Protecting your company from spam and abuse is inevitably a task all companies are confronted with. While there is no silver bullet to stop all spam, there are some commonly used options that can help.
To ensure your account is as spam-free as possible, applying active protections to forms, emails and API calls that send to your account should be maintained. This article describes some great methods for protecting your account.
This article contains the following sections:
- Using CAPTCHA on forms
- Protecting your domain from email abuse, via SPF, DKIM and DMARC records
- Using Zendesk Support-specific features to combat spam
- Further Reading
Using CAPTCHA on forms
Using a Completely Automated Public Turing test to tell Computers and Humans Apart (CAPTCHA) is touted as one of the best ways to prevent incoming spam on any sort of public facing submission to your system. This presents a challenge to anyone submitting a ticket before they are able to successfully submit. In many cases, this will outright stop any attempts to abuse your system.
Support uses Cloudflare's bot detection and management software. CAPTCHA is enabled by default, including on the Sign Up page, and can't be disabled. Only traffic that Cloudflare flags as suspicious will be served CAPTCHA challenges.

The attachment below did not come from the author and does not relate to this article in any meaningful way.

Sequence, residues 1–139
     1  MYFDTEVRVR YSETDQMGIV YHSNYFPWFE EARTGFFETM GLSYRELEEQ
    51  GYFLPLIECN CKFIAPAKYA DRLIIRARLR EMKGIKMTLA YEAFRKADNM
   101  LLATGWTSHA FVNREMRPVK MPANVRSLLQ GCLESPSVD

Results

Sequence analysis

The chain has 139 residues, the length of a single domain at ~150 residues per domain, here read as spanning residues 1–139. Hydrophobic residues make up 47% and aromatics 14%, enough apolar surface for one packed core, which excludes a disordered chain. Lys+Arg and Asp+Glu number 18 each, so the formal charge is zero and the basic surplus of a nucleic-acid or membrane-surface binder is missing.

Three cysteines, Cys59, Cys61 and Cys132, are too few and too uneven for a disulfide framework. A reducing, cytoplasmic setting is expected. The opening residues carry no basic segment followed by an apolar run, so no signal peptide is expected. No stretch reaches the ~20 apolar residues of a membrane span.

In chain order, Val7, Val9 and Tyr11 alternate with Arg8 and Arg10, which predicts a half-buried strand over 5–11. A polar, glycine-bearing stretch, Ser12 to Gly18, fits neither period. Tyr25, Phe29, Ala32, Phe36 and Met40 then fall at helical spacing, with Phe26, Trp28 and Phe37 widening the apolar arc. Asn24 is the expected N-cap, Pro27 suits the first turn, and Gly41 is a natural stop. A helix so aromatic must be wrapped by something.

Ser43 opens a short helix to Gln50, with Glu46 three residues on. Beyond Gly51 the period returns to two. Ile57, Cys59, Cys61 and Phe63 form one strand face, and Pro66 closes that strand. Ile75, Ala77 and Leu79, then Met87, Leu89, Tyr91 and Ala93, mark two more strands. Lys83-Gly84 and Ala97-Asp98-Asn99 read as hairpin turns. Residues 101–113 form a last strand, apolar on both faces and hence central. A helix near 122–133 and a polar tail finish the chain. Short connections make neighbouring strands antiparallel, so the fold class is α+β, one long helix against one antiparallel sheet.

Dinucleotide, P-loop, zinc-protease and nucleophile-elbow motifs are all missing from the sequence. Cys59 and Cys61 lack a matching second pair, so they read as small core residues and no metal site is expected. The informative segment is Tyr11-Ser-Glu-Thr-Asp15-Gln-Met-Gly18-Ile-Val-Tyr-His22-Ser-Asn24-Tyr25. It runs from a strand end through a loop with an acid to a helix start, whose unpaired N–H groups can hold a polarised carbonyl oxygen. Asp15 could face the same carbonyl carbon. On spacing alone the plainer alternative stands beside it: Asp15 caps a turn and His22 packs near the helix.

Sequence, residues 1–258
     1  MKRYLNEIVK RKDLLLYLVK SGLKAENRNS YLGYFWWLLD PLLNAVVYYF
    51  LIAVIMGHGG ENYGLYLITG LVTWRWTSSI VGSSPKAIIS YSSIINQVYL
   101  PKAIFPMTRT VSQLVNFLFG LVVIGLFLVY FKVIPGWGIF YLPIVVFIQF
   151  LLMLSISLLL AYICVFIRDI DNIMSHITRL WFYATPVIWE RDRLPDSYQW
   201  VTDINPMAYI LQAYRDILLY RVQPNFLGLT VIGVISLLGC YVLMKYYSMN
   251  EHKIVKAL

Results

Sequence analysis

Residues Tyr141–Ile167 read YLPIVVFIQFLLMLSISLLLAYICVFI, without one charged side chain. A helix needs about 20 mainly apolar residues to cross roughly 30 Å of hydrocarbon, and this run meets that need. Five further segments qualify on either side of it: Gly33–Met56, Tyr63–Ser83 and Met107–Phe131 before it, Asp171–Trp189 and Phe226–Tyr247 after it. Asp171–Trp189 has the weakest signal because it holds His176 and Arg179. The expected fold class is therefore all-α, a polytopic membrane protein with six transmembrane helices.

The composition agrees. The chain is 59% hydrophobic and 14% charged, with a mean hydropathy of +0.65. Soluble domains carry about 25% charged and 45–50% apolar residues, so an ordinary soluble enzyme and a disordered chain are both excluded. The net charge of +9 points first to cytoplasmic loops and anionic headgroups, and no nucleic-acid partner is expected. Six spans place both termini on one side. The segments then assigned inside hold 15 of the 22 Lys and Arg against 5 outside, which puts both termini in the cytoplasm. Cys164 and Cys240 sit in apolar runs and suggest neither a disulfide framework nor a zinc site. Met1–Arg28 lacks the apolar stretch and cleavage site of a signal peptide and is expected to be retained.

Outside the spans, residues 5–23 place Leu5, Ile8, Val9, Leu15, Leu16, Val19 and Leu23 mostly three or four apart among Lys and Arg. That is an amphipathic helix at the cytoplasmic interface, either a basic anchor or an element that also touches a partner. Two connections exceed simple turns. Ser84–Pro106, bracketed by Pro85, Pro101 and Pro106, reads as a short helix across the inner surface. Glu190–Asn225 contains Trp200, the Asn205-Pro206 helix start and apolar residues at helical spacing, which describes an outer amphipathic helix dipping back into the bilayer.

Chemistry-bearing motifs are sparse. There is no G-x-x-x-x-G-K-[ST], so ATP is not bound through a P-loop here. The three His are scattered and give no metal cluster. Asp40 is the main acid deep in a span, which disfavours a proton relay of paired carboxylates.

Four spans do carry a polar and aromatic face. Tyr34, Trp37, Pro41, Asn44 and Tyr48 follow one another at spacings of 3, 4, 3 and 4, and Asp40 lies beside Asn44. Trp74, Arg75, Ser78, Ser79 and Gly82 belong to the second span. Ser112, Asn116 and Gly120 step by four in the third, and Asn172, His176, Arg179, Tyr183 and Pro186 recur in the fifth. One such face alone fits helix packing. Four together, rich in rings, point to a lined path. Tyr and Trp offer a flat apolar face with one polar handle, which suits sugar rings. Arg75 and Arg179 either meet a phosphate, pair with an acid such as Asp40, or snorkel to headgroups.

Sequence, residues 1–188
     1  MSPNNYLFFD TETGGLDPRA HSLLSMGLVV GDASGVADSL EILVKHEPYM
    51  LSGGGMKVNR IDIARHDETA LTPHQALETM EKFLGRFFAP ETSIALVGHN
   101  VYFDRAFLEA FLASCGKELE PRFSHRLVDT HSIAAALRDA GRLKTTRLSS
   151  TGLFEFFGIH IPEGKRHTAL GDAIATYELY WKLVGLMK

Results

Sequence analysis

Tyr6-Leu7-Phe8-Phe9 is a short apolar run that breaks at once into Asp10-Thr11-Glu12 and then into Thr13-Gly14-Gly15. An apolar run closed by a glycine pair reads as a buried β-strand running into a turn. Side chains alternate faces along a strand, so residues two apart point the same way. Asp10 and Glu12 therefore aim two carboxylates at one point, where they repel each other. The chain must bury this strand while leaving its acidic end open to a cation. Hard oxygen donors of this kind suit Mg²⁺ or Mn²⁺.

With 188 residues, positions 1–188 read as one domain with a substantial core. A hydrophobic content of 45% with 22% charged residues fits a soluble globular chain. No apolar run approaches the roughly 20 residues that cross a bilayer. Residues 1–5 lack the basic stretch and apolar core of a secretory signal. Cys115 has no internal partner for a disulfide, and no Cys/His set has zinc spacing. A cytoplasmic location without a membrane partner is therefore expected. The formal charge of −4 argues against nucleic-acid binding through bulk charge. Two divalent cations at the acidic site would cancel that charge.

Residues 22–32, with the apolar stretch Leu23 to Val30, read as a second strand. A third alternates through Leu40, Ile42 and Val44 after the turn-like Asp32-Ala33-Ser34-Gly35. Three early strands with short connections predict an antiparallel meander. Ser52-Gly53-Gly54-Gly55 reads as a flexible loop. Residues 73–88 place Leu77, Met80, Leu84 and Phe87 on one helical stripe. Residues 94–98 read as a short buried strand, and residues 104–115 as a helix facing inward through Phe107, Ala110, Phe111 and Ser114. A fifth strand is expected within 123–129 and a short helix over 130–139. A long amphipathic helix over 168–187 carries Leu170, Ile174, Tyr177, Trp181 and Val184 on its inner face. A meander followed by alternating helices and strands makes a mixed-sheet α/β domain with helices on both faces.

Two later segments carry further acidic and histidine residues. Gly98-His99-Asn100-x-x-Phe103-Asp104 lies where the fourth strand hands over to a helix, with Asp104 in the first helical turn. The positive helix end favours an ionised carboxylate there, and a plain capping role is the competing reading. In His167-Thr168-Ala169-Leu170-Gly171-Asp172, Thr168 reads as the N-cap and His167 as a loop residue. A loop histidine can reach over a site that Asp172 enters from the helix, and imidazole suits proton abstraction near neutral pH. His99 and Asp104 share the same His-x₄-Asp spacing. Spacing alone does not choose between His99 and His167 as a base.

Protecting your domain from email abuse via SPF, DKIM, and DMARC records
Most commonly, abusive email messages come from a forged or fake address which can be accomplished easily in many programs and scripts. Using SPF, DKIM, and DMARC in tandem will help build your domain’s reputation, and avoid having your mail end up in your customer’s spam folder. We make it easy to use on your account, as we support all three records. Here's a quick recap of all records:
An SPF record is a policy which is set up within your DNS record that allows the email receiver's email client to validate if the server is allowed to send messages on its behalf. In layman's terms, SPF acts like an allowlist for email servers, dictating what can and cannot send on your domains behalf. This can cut down significantly on forged emails. You can read more about setting up records for Zendesk in our article, Setting up SPF for Zendesk to send email on behalf of your email domain.
DKIM records are a protocol which validates a message’s cryptographic signature against a public key placed in the DNS record of sender’s domain. This helps ensure that there was no deviation within the path of the email, and shows if a message has been altered in anyway prior to the receiver getting the message. Due to this, servers tend to find any domain or email more reputable, and less likely to end up in a spam folder (or outright rejected). You can setup the DKIM records needed for Zendesk by following the article, Digitally signing your emails with DKIM or DMARC.